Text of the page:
Posted: Sat, 28 July 2007
DAY 45 KILYOS TO ISTANBUL,TURKEY
AT LAST, ISTANBUL
This is it! Today we completed our final day’s ride into Istanbul.
We were up early, excited, and anxious to get to Istanbul by mid-afternoon.
The bike ride was brief, only 14 km to Sariyer, where we waited to board our private ferry boat to Istanbul. The 1 ½ hour boat ride on the Bosphorus to the Golden Horn area in the heart of the city was an experience that vastly exceeded our expectations.
“Chai”, or Turkish tea, was served on the open deck as we marveled at the water side mansions, villas, and homes in the Bosphorus Straits. We saw the opening to the Sea of Marmara, which joins the Mediterranean Sea. We passed under the Bosphorus Bridge that actually links Europe and Asia.
When we docked in center city, we rode our bikes (and walked in some areas) through wildly disorganized and jammed traffic, across tram tracks, and on cobblestones to our hotel (whew!).
Our hotel, the Ottoman Hotel Imperial, is located only steps from the Hagia Sophia, the Blue Mosque, and the Topkapi Palace—all of which we will visit tomorrow.
Our “Celebration Dinner” was held in a grand Turkish restaurant with a full moon lighted view of the Bosphorus. We walked there as a group, wandering in amazement through the sights and sounds and odors of the Grand Bazaar and the Spice Bazaar.
To me, and perhaps to other cyclists, it was a day in which I had, in some respects, the sense and emotion of a kind of graduation day. I felt personally rewarded for a period of hard work and determination to go the distance. I am proud to have accomplished the goals and met the aspirations I set as reasons for taking this trip.
· I wanted to ride a bicycle from one end of Europe to the other; from St Petersburg, Russia to Istanbul, Turkey….4100 km in 45 days.
· Staying SAFE and HEALTHY was paramount.
· I wanted to visit, see, feel, taste and meet the people and experience the culture of 11 Central and Eastern European countries—all of which were new to me.
· Most of all, I wanted to ENJOY the experience totally; with old and new friends.
I did ALL these things with a wonderful group of people while supported by a very competent staff from ExpeditionPLUS.
It was all I wanted—and much more than I expected! It was an enlightening and incredible journey!
A sincere THANK YOU to all who followed along on this web site. I appreciate your interest and comments!
Posted: Fri, 27 July 2007
DAY 44 VIZE TO KILYOS, TURKEY
ON THE BLACK SEA
I was a little apprehensive about today’s ride. It was listed as 165 km/103 miles to Kilyos, Turkey, located on the Black Sea. We would have similar winds to yesterday, a greater distance and some serious climbs. It would be a difficult ride. It was our last big ride of the trip, as tomorrow we ride only briefly before taking a ferry on the Bosphorus into the city center. I wanted to do it all…finish this trip having completed the full ride every day. I did, but not as I expected.
I rode early with Rick and then Chantal and I rode together the balance of the way. She too was determined to complete every mile of the long tour. We were careful to pace ourselves for the long day, we stopped to eat something regularly, and we drafted against the head winds to save strength.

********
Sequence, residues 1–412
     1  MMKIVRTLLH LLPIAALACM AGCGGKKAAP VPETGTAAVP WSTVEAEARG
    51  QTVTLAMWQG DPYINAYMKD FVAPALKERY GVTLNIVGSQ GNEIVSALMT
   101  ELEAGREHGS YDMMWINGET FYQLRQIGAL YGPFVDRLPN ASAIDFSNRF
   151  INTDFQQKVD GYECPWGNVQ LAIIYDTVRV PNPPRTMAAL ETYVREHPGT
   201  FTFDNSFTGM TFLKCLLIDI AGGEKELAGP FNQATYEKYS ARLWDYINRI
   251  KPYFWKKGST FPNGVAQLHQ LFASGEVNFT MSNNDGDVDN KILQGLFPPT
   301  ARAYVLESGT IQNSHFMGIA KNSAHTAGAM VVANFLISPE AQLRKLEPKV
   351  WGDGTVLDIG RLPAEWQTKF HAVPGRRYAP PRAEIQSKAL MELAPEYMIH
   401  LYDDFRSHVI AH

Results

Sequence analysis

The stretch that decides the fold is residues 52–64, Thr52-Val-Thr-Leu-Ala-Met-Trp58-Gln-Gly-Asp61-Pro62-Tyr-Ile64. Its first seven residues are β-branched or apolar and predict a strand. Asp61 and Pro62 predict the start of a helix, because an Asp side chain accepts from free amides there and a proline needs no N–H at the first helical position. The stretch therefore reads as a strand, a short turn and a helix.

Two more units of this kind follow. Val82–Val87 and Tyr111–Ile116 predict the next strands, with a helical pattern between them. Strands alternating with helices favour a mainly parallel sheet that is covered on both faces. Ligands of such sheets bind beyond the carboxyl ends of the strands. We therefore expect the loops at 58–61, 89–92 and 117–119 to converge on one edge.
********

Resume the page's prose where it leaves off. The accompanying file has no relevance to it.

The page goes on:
At the 62 km mark we saw the sign in chalk on the road; Hooray! 4000 km! We had passed a milestone distance in our trip from St Petersburg, Russia to Istanbul, Turkey.
The wind was strong. It whistled through the grooves in our helmets all day. The flags were blown straight out in the Northeast wind. We kept moving. At 103 km, as we came over the crest of a hill, we could finally see it…the Black Sea. From the Baltic Sea to the Black Sea; “It is a LONG way”, as Chantal understated.
We reached 120km (only 45 km to go) and it was early afternoon when we saw the van coming from the other direction. Michele yelled for us to stop. He had Polo, John, and Fritz in the van. Something was wrong. He told us the road ahead was unsafe for cyclists; too many trucks from a busy construction project underway. The road was also too narrow with blind curves…dangerous! He was stopping all bikers at that point. It was non-negotiable, the day’s ride was over.
Riding in the van for the last 45 k proved to all of us that the decision was, without question, the correct one. Polo, the lead rider every day and a veteran of 14 ExperiencePLUS tours, had never been in the van before. He concurred with the decision by the staff. It was the right call.
Our hotel is in the little tourist town of Kilyos sitting high on a hill right on the Black Sea. The views are terrific. The pool was active and the beach crowded with families.
I walked around town a bit looking at the shops and kabob restaurants and the tea cafes (as beer and alcohol are not served in the vicinity of the Mosque).
Tomorrow we enter Istanbul! It will be a short biking day----and our last. We will then begin a 3 day extension to explore this former seat of the Ottoman Empire.
Posted: Thu, 26 July 2007
DAY 43 EDIRNE TO VIZE, TURKEY
We moved easily on the bike in the 7:00 am traffic leaving Edirne this morning. Without the teeming masses and roaring traffic we were able to observe some things that were lost in the distractions of city life yesterday. Our destination today is the city of Vize, 118 km/71 miles to the East.
Promptly, we moved into continual rolling hills—up and down, up and down. It made those of us on across America bike trips think of the “land of 1000 hills” in Missouri. Hills wear you down, but the wind can be worse.
Before we hit 40 k we were caught in a steady 30 mph wind from the Northeast (we were heading directly East). The wind came at us from about the 11:00 o’clock position and stayed with us all day. Gusts of 35-40 mph would actually move our bikes, and often we rode leaning into the wind to stay balanced. It was tough going. We had feared the HEAT today, but instead we got the WIND!